20,000 Strong: Looking Back at 18 Years of Regulatory Excellence

By April 20, 2018Features, News

Every milestone begins with a foundation. First steps, if you will.

Last December, the College increased its membership to over 20,000 registered members – a significant moment in the College’s 18-year history that elevates its profile within the regulatory community. The 20,000 milestone is something to celebrate and about which we are proud. This achievement wouldn’t have been possible without the dedication of College staff as well as our members’ commitment to professional and ethical practice.

The 20,000 milestone has led us to pause and reflect on how far we’ve come and what the future holds for the College and the professions of social work and social service work. This achievement also warrants a moment to reflect on two individuals who have been with the College from the very beginning: Ema Sevdina and Celia Denov, RSW.

The College’s first registered member

Celia Denov, RSW

OCSWSSW member Celia Denov, RSW

Celia Denov, RSW, didn’t know she would become a social worker. After graduating from university with an English degree, she worked as a high school teacher in Tanzania for Cuso International. However, like many who enter the social work profession, Celia had a strong desire to help people and wanted to make a difference.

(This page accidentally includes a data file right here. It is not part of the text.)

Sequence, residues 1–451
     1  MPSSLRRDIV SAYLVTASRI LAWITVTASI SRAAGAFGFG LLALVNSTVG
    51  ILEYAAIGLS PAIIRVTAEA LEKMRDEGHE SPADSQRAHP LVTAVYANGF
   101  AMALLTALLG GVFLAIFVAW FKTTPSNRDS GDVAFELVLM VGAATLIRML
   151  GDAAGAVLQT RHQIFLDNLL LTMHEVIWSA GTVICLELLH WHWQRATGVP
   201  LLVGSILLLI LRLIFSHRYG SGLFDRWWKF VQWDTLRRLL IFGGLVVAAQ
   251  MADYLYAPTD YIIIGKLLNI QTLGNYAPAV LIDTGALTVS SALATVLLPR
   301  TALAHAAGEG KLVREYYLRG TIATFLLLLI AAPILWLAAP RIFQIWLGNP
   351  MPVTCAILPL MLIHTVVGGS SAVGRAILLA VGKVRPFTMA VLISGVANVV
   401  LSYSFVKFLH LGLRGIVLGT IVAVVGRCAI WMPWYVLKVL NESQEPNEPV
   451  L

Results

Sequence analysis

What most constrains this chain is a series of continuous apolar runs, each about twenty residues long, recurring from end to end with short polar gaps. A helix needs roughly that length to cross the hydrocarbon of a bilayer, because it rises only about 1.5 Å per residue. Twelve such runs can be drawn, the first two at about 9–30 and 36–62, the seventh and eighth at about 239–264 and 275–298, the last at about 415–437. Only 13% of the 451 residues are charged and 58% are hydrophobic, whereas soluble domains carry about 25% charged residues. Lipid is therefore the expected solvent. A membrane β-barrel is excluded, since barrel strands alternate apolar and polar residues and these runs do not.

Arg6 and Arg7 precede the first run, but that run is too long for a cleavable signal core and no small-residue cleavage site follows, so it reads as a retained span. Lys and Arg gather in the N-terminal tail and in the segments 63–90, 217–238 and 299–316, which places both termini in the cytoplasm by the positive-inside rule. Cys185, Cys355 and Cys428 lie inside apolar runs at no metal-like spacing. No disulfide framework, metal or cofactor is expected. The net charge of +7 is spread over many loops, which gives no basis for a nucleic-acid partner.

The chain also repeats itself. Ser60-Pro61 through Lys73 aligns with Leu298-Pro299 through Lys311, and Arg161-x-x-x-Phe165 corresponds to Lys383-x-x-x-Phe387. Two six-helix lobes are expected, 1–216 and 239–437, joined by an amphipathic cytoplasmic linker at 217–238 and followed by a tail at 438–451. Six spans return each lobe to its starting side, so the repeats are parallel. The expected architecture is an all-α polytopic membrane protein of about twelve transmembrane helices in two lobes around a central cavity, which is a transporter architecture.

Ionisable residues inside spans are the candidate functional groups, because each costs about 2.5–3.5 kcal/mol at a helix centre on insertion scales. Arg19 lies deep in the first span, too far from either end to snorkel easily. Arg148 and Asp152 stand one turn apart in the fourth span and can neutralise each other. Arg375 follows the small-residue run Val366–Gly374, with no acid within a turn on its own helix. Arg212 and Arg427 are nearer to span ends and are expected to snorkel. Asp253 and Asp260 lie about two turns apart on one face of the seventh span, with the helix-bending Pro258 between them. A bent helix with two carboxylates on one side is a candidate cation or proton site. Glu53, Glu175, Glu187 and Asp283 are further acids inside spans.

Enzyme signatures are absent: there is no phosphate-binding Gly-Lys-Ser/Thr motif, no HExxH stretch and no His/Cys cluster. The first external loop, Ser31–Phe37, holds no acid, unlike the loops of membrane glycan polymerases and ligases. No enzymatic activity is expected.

“I found social work to be a very fulfilling profession,” she said. “Social work has always been an exciting field; a profession that embraces empathy and holistic solutions to societal issues.”

Celia has the distinction of being the first registered member of the College. Celia entered social work in the late 1960s, long before the passage of the Social Work and Social Service Work Act, 1998, and the subsequent creation of the College. An early supporter of the College, she believes that regulation has brought more professionalism and accountability to the professions of social work and social service work.

“When I entered the profession anyone could call herself or himself a social worker or social service worker,” she said. “There were few entry-to-practice requirements. The Code of Ethics, Standards of Practice, a complaints process for the public, and ongoing learning programs didn’t exist.”

Celia spent the first five years of her social work career in a clinical setting. Though she enjoyed working on the frontlines, Celia wanted to make an impact at the systemic level. This would lead the mother of three to earn a master’s degree in social work, specializing in policy and administration. She would also go on to enjoy a long and distinguished career in government, most recently as an Assistant Deputy Minister for the Ministry of Community and Social Services (MCSS).

“In government, I was able to help people at the policy, systemic level,” she explained. “My work allowed me to get involved in a lot of initiatives that I believe have benefited society, including helping reform children’s services earlier in my career, to addressing women’s issues, among many others.”